Mental ill-health prolongs and complicates other chronic illnesses, which is a major public health concern because of the potential stress it places on health systems. Prevention via active aging and place-based interventions thus became increasingly important with population aging, e.g., through health promotion and age-friendly neighborhoods. However, how the targeted outcomes of these efforts are related remains unclear. This paper examined whether the relationship between active living and mental health or health-related quality of life is mediated by neighborhood cohesion. Cross-sectional data were drawn from n = 270 community-dwelling adults aged 50 and above in the Gerontology Research Program—Center for Ageing Research in the Environment (GRP-CARE) Survey. Path analysis showed that one can live actively for better mental health (Btotal = 0.24), but it is largely mediated by neighborhood cohesion (37%). Further examination of the factors of neighborhood cohesion showed that this mediation is explained by communal affordance (Bindirect = 0.05) and neighborhood friendship (Bindirect = 0.05). Additional study of the association between these mediators and factors of mental health revealed two psychosocial processes: (1) better community spaces (e.g., greenery and third places) support communal living (B = 0.36) and help older adults obtain emotional support (B = 0.32) for greater autonomy (B = 0.25); (2) spending more time outdoors enhances neighborhood friendship (B = 0.33) and interpersonal skills (B = 0.37), which in turn improves coping (B = 0.39). In short, the effects of active living on health are limited by one's neighborhood environment. Neighborhood cohesion must be considered or it may stifle individual and policy efforts to age actively and healthily in urban environments. Context-sensitive implementations are required.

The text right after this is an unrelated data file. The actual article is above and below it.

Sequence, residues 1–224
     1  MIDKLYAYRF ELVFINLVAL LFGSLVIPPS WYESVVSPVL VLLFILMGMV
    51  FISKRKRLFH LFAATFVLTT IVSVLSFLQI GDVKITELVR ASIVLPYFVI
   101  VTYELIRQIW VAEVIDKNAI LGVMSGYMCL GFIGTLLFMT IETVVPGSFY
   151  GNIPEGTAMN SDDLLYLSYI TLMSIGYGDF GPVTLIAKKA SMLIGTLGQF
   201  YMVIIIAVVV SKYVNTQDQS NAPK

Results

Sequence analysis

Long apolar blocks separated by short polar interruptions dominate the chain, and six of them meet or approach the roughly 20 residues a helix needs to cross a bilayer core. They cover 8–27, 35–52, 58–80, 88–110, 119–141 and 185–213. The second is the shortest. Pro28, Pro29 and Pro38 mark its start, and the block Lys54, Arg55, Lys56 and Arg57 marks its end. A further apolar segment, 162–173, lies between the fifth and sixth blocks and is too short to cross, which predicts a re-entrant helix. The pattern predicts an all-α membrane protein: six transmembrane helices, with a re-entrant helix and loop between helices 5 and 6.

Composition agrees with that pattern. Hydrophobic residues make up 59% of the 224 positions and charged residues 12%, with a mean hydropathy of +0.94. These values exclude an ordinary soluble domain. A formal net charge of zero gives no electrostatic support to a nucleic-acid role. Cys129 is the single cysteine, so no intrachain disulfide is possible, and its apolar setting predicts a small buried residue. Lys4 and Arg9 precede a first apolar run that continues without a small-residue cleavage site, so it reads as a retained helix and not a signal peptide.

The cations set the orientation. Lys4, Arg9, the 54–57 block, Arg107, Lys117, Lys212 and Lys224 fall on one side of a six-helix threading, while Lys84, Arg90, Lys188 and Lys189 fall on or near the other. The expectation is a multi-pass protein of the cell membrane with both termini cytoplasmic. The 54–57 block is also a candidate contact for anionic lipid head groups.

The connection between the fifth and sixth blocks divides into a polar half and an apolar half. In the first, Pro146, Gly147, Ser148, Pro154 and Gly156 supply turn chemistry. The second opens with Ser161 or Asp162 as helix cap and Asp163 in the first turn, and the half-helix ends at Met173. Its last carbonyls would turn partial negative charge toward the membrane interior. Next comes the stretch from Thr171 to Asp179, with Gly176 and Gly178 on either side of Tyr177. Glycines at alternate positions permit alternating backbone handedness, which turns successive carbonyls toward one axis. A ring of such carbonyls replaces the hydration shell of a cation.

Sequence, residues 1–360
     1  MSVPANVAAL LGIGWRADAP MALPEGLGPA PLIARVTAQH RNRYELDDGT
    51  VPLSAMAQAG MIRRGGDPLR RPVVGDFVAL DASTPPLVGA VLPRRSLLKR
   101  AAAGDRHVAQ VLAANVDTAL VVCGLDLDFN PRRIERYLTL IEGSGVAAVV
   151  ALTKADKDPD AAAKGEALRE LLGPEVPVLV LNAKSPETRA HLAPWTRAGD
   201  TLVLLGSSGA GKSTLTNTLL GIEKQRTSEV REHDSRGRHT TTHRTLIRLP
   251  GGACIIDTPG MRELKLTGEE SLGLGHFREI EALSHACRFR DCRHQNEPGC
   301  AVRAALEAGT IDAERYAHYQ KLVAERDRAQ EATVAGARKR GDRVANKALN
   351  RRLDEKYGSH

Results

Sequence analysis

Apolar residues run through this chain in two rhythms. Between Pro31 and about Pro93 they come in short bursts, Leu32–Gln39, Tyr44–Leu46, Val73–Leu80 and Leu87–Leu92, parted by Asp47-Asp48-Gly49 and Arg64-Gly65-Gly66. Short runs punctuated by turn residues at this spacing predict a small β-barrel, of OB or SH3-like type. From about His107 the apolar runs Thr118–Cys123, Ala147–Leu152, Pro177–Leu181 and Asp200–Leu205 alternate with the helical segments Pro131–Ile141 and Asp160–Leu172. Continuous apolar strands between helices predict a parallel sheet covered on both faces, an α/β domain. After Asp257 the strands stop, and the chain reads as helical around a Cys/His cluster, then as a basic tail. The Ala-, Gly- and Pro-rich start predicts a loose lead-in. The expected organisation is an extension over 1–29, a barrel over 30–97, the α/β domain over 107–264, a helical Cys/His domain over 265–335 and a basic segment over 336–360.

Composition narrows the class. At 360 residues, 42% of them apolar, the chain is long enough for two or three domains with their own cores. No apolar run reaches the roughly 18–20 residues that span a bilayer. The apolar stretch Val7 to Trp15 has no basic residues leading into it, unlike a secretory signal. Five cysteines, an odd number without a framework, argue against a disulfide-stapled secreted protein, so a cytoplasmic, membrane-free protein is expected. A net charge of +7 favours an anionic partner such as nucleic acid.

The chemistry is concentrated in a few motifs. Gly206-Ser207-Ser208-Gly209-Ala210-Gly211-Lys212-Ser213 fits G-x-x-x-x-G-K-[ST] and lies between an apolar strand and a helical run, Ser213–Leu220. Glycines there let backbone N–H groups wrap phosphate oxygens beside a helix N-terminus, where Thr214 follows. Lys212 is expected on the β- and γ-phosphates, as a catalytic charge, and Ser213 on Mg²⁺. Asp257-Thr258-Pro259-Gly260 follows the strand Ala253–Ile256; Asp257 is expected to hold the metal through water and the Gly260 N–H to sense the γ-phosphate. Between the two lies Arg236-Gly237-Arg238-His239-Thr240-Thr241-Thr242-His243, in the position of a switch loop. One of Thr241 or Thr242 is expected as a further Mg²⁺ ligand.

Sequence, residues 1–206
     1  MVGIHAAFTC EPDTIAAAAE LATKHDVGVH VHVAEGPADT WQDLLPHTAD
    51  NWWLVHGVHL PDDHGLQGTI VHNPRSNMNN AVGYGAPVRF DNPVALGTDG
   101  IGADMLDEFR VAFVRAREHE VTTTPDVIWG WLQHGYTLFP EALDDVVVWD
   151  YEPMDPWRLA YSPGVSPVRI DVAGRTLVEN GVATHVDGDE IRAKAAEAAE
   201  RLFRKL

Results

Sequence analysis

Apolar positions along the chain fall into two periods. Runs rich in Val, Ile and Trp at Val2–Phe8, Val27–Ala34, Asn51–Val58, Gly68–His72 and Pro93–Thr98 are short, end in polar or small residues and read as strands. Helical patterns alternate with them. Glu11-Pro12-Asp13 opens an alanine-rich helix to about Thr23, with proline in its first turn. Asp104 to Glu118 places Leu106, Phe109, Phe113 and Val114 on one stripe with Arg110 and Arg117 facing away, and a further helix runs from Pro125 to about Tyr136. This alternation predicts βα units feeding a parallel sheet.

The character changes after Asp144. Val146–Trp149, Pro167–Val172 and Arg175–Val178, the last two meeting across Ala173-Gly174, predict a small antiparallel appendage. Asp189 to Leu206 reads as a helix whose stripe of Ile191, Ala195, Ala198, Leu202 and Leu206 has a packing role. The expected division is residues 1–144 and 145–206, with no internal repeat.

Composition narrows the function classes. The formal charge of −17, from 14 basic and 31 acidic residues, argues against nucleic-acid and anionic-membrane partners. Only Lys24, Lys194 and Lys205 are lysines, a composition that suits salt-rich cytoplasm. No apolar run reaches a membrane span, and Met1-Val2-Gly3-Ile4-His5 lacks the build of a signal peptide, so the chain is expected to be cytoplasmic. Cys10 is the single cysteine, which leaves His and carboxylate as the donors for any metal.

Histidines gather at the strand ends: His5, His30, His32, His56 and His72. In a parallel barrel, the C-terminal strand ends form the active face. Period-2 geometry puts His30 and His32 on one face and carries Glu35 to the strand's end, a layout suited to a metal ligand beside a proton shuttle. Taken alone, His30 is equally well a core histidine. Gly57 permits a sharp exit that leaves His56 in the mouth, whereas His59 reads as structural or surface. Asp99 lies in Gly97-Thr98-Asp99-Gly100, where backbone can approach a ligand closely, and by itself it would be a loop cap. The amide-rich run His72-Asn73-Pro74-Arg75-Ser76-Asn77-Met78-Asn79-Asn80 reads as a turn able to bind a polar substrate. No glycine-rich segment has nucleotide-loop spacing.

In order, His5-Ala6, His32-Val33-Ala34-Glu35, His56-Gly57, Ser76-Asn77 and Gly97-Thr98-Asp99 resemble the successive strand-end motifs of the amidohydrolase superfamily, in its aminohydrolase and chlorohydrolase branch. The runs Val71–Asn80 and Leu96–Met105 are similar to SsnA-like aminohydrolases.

Member of collection